Antioch, Seleukis and Pieria, Syria, 13 - 14 A.D., The "Star of Bethlehem Coin"

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Michael Molnar, an astronomer, believes this coin depicts Jupiter's occultation of Aries in 6 B.C., the most probable "Star of Bethlehem."
RY86401. Bronze trichalkon, McAlee 99; RPC I 4269; SNG Cop 98; BMC Galatia p. 159, 65, F, tight flan, deposits, corrosion, weight 6.754 g, maximum diameter 18.3 mm, die axis 0o, Antioch (Antakya, Turkey) mint, Legatus Augusti Pro Praetore Silanus, 13 - 14 A.D.; obverse laureate head of Zeus right; reverse EΠI ΣIΛANOY ANTIOCEΩN, ram running right, looking back, star above, ∆M (year 44 Actian Era) below; $120.00 (€102.00)
 


Severus Alexander, 13 March 222 - March 235 A.D., Nisibis, Mesopotamia

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Nisibis is the city of Netzivin in the Talmud. The Jews of Nisibis resisted the Roman conqueror, Trajan, to maintain Parthian rule. The city was taken only after a lengthy siege. After the it fell, Nisibis was laid waste and the massacre was so great that the houses, streets, and roads were strewn with corpses.
RP84871. Bronze AE 29, SNG Cop 233; BMC Arabia p. 119, 7; SNG Righetti 2618; SNG Milan 118; SNG Hunterian -, F, porous, obverse slightly off center cutting off right side of legend, weight 12.292 g, maximum diameter 28.6 mm, die axis 0o, Nisibis mint, 13 Mar 222 - Mar 235 A.D.; obverse AVT KAI MAP AV C AΛEΞAN∆POC C-E, laureate bust right, slight drapery on left shoulder; reverse CEΠ KOΛO NECIBI MHT, bust of Tyche right, turreted, draped and veiled, ram (Aries) leaping right above with head turned back, stars before and behind; scarce; $110.00 (€93.50)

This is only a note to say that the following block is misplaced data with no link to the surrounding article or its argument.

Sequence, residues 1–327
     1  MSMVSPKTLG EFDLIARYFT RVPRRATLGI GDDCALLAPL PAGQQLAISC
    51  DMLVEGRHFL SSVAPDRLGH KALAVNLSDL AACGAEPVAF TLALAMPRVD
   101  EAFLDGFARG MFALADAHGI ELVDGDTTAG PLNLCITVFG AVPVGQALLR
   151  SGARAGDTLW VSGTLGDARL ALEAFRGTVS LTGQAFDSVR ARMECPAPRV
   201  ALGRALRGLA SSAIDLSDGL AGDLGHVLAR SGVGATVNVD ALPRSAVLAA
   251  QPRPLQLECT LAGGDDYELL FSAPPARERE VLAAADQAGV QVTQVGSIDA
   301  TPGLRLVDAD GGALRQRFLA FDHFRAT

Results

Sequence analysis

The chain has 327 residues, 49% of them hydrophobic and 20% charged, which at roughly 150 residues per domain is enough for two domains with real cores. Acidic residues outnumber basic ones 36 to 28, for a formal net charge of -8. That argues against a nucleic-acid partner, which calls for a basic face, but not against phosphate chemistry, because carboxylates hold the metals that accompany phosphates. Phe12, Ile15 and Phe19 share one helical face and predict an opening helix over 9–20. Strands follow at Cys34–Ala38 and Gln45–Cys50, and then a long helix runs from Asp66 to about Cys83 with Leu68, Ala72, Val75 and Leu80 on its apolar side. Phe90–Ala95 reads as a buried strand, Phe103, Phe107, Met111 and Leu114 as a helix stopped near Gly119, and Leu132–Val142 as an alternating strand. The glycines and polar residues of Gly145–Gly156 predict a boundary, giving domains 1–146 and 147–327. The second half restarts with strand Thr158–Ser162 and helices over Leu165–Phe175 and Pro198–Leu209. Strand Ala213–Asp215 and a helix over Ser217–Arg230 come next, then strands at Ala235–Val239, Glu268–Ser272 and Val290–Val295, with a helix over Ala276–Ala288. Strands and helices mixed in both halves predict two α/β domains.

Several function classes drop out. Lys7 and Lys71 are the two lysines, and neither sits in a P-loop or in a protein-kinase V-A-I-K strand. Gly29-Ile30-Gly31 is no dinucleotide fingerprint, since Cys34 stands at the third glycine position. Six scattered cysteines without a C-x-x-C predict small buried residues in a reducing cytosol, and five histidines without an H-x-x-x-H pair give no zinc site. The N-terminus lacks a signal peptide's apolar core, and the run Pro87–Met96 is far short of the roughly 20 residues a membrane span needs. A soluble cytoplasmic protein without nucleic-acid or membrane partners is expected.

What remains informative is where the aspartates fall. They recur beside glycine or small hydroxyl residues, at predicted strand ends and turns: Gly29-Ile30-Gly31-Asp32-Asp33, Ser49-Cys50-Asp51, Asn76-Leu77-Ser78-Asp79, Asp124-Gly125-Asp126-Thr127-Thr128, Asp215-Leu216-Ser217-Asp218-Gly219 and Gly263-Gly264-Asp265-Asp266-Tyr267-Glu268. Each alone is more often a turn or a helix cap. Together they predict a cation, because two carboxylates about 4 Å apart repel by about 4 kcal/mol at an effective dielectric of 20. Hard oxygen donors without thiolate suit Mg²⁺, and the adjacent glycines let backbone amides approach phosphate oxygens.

Pheneos, Arkadia, Peloponnesos, Greece, c. 360 - 340 B.C.

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Feneos lies at the foot of Mount Cyllene, mythical birthplace of the god Hermes. It therefore was an important cult center for the god, notably during the annual festival of the Hermaea. Catullus (Poem 68) mentions the seasonal flooding of the plain and says it was drained by an underground channel dug by Hercules during his Twelve Labors. According to Herodotus the river Styx originates near Feneos. In the Aeneid, Evander's fond memories of a visit by Aeneas' father Anchises to Feneos are one factor in his decision to ally his Arcadian colonists to the Trojans.
GB85885. Bronze dichalkon, BCD Peloponnesos 1611; BMC Peloponnesus p. 193, 8; Traité III 893; SNG Cop -; Weber II -, VF, attractive green patina, tight flan, light marks and corrosion, weight 3.452 g, maximum diameter 17.1 mm, die axis 45o, Pheneos (Feneos, Greece) mint, c. 370 - 340 B.C.; obverse head of young Hermes right, cloak tied tied around neck and petasos suspended by cord behind; reverse ΦENEΩN, ram standing right, ΣI below ram; ex J. Cohen Collection; very rare; $110.00 (€93.50)
 


Pheneos, Arkadia, Peloponnesos, Greece, c. 360 - 340 B.C.

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Feneos lies at the foot of Mount Cyllene, mythical birthplace of the god Hermes. It therefore was an important cult center for the god, notably during the annual festival of the Hermaea. Catullus (Poem 68) mentions the seasonal flooding of the plain and says it was drained by an underground channel dug by Hercules during his Twelve Labors. According to Herodotus the river Styx originates near Feneos. In the Aeneid, Evander's fond memories of a visit by Aeneas' father Anchises to Feneos are one factor in his decision to ally his Arcadian colonists to the Trojans.